The man whose badly decomposed body was found in a caravan in a Cromwell camping ground last year died of a mishap while "huffing" LPG, the Otago Southland coroner has found.

Simon James Garrick, 42, unemployed, died of asphyxiation in the caravan between October 30, 2012 and October 10, 2013, after inhaling LPG, coroner David Crerar said.

"... I draw to public attention the dangers of recreational substance abuse and specifically the huffing of LPG or similar gases," he said.

"Some gases inhaled have components which are toxic and these can cause death or disablement for this reason alone. Gas inhaled can also cause death by displacement or the oxygen content of air. LPG in the lungs is incompatible with life."


Mr Garrick was last seen in October 2012 and was reported missing by his family last May. Police treated his disappearance as a possible homicide and offered a $20,000 reward in September for any information about his whereabouts.

Mr Crerar said shortly after Mr Garrick was last seen alive, he broke into a stored caravan in the Cromwell Top 10 Holiday Park and lived there for an unknown time. He had "huffed" lpg from a canister in the caravan, piling blankets and clothing over the canister and his face to ensure no gas could escape.

"Simon Garrick has inhaled LPG and its effects have proven toxic and fatal."

There was no evidence Mr Garrick inhaled the gas with the intention of ending his life and it was more likely it was a recreational substance abuse mishap, Mr Crerar said.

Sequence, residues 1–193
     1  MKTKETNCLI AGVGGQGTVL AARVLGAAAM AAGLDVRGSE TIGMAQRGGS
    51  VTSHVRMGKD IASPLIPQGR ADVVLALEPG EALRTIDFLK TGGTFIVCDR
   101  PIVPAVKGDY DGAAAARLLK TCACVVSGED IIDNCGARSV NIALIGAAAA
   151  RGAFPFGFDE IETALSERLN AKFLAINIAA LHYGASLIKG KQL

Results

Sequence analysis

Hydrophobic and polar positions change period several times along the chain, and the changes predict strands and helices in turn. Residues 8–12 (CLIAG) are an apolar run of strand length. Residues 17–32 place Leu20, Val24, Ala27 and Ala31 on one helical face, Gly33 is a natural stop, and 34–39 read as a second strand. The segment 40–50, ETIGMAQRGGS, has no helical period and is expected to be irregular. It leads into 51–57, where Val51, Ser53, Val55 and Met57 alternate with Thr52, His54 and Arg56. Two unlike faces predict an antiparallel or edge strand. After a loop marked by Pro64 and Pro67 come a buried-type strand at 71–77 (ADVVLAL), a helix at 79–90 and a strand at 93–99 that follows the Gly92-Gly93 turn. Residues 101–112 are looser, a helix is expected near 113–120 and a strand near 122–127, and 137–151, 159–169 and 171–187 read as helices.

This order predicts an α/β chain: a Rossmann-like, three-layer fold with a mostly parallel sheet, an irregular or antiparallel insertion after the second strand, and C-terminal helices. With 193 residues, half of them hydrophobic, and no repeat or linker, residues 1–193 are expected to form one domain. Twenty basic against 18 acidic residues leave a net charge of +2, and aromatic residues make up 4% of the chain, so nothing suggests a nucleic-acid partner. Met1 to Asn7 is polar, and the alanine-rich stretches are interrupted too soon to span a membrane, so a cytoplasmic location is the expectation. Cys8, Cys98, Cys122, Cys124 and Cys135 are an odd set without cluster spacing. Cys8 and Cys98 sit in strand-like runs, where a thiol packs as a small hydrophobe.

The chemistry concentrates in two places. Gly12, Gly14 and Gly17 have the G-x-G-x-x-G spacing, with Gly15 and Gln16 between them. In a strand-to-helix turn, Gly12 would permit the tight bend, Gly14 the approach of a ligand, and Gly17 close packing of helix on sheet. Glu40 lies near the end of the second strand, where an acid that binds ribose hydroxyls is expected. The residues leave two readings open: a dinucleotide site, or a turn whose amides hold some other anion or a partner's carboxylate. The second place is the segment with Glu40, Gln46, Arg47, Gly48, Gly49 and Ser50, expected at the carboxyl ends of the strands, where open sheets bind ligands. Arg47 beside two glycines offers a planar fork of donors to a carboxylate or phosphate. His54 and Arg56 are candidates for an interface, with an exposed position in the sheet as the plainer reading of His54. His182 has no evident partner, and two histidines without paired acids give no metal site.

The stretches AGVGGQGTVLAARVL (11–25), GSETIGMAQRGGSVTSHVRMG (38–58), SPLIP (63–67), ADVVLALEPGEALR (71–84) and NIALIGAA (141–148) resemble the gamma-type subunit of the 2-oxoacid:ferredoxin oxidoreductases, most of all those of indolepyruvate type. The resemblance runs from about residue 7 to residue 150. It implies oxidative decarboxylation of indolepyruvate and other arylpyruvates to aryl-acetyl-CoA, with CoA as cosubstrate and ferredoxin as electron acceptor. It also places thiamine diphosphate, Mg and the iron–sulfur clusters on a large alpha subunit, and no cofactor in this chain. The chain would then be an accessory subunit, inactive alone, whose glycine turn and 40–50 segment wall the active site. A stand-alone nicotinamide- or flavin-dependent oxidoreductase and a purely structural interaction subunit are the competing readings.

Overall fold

The caravan owner discovered Mr Garrick's body on October 10 last year after checking the caravan. The caravan's side window had been interfered with and there was food and other property strewn around the interior.

The woman found the body after pulling back a duvet on the floor.

Mr Crerar said Mr Garrick was known by police to have a significant drug habit, including use of illicit drugs including rivotril, methadone, methamphetamine and cannabis.

His cellphones had not been used since the time of his last sighting and just before his disappearance he had spent about $1700, which was described as being out of character.

Senior Constable Chris Blackford, of Queenstown, gave evidence at the inquest, which was held in chambers, and said police were satisfied there was no criminal liability or suspicious circumstances surrounding Mr Garrick's death.

Because of the condition of the body, identification by the normal visual means was impossible, Mr Crerar said. Taking into account several factors, he was satisfied it was Mr Garrick. The CCTV footage of Mr Garrick at the last known sighting on October 30, 2012, showed him wearing the clothes found on the body and an IRD card for Simon Garrick was in the jeans pocket.

The caravan in which he was found had been stored since February 2011. Mr Crerar believed Mr Garrick died soon after the last sighting of him, although the body was not found for nearly a year.

Mr Garrick's family could not be contacted yesterday for comment on the coroner's finding.